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Insurance Industry's Own Bill Clears Assembly Panel

July 08, 1987|KENNETH REICH | Times Staff Writer

SACRAMENTO — A substitute bill to regulate insurance rates, which was drafted and promoted by the state's leading insurance lobbyists, was approved Tuesday by the Assembly Finance and Insurance Committee, with six Republicans providing the decisive margin.

The bill, authored at lobbyist Clay Jackson's request by state Senate Majority Leader Barry Keene (D-Benicia), is designed to counter a tougher rate regulation measure by Assemblyman Lloyd G. Connelly (D-Sacramento) and to head off an even tougher 1988 consumer initiative.

The six Republicans who, on the last vote call, put the bill over the top on a 12-5 vote were Ross Johnson of La Habra, Dennis Brown of Signal Hill, John R. Lewis of Orange, Larry Stirling of San Diego, Cathie Wright of Simi Valley and Phillip D. Wyman of Tehachapi. Most of the committee's Democrats either voted no or did not vote.

Johnson, who appeared to have organized the Republican move, marking the first time GOP legislators had voted for any form of rate regulation, explained afterward:

"We wanted to keep some options available on the subject matter, leave some room to negotiate. We remain unhappy with the philosophy of rate regulation."

There was immediate speculation, however, that the Republican votes for the bill meant that Gov. George Deukmejian may be prepared to sign at least a weak form of rate regulation this year, if it clears the Legislature.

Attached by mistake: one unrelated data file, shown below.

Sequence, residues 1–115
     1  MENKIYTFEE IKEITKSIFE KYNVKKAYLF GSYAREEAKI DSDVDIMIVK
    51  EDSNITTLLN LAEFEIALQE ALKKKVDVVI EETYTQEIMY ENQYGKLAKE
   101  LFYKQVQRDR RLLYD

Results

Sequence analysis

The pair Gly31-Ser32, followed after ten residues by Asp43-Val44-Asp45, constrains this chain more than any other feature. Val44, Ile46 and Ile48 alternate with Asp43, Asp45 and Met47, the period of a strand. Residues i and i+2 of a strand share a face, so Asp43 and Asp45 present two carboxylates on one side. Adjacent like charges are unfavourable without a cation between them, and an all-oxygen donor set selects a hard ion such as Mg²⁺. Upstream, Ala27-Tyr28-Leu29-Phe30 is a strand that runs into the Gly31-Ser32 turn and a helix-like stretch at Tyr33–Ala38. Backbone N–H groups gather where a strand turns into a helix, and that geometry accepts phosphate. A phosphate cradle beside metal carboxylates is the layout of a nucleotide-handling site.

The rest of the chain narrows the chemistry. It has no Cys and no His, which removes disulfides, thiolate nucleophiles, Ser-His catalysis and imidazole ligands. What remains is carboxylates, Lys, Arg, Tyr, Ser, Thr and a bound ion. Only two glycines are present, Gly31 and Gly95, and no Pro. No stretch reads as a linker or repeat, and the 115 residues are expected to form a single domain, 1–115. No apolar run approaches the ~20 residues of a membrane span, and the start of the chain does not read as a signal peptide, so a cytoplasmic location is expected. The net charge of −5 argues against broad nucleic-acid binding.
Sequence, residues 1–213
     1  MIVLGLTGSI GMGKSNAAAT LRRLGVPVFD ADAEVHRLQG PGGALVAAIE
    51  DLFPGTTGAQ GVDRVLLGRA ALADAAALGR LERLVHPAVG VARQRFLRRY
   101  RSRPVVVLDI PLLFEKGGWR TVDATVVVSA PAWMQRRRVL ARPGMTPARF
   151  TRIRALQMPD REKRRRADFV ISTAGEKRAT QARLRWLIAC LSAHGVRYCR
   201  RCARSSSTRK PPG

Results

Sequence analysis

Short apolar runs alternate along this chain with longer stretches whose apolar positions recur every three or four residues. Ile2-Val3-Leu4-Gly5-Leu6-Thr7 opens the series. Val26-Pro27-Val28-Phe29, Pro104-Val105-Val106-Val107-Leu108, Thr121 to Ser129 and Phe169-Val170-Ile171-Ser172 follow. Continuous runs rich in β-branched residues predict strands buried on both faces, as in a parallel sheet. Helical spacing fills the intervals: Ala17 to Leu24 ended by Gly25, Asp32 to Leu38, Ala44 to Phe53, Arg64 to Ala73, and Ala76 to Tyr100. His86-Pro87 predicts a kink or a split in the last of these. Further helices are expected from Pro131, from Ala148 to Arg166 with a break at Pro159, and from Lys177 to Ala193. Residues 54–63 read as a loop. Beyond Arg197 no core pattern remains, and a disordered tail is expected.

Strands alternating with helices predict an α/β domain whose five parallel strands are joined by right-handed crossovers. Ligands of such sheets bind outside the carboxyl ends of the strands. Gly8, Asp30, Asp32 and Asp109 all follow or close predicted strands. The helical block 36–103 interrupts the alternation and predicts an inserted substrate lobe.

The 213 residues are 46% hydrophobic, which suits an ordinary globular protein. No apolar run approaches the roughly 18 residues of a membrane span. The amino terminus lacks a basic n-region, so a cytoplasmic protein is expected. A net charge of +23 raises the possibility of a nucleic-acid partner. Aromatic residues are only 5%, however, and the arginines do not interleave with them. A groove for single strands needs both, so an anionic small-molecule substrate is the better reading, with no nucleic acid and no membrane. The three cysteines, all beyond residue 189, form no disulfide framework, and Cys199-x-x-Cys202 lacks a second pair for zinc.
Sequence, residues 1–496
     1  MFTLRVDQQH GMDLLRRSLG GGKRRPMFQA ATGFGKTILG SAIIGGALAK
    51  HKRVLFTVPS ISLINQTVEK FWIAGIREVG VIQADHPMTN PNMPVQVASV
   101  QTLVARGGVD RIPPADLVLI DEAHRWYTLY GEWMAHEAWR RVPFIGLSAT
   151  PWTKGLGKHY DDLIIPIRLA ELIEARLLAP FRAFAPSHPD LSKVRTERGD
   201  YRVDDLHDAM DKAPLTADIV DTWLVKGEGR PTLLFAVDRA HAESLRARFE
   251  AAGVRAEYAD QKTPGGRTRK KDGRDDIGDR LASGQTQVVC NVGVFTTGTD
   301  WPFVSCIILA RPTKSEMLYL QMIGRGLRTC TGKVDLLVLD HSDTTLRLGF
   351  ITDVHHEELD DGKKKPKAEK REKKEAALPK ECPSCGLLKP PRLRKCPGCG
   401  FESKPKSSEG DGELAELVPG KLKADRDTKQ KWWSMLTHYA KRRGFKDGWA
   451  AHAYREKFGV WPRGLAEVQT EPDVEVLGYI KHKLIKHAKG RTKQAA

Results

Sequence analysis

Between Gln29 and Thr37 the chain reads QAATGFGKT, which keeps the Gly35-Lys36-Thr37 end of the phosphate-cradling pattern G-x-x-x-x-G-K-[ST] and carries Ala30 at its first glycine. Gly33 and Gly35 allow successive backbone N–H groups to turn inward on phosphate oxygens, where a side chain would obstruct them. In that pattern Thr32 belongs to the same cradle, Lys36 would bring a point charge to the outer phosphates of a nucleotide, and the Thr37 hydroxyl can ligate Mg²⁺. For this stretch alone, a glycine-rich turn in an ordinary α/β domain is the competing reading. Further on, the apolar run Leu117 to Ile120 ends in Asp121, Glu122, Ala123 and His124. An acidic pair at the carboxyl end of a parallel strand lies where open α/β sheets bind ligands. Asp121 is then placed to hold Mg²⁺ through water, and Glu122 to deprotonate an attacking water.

Tuesday's committee approval means the task of consolidating the Keene-lobbyists' measure, the Connelly measure, and a bill to end the insurance industry's state antitrust exemption by Assemblywoman Maxine Waters (D-Los Angeles) is left to the Assembly Ways and Means Committee, where all three bills are pending.

That committee is expected by legislative leaders to send to the Assembly floor, probably next week, a compromise bill that would, for the first time, bring California a measure of state regulation of insurance rates, but without the stringent provisions for public participation in the process that the consumer organizations want.

Assembly Speaker Willie Brown (D-San Francisco) has said he believes legislation of this kind could be enacted in both houses this year.

What specifically would be subject to regulation by the state Insurance Department would be any annual increases or decreases of more than 10% in personal lines of insurance, such as automobile or homeowners, or of more than 25% in commercial lines.

Before its passage Tuesday, the Keene-lobbyists' measure was amended, on the motion of committee Chairman Patrick Johnston (D-Stockton), to change the limit in personal lines before rate regulation would be invoked from 20% in one year or 30% in two years down to the 10% limit set in the Connelly measure.

Consumer advocates and Connelly still argued, however, in testimony before the committee that the new bill was not only unnecessary but a step back in some respects from what the state has now.

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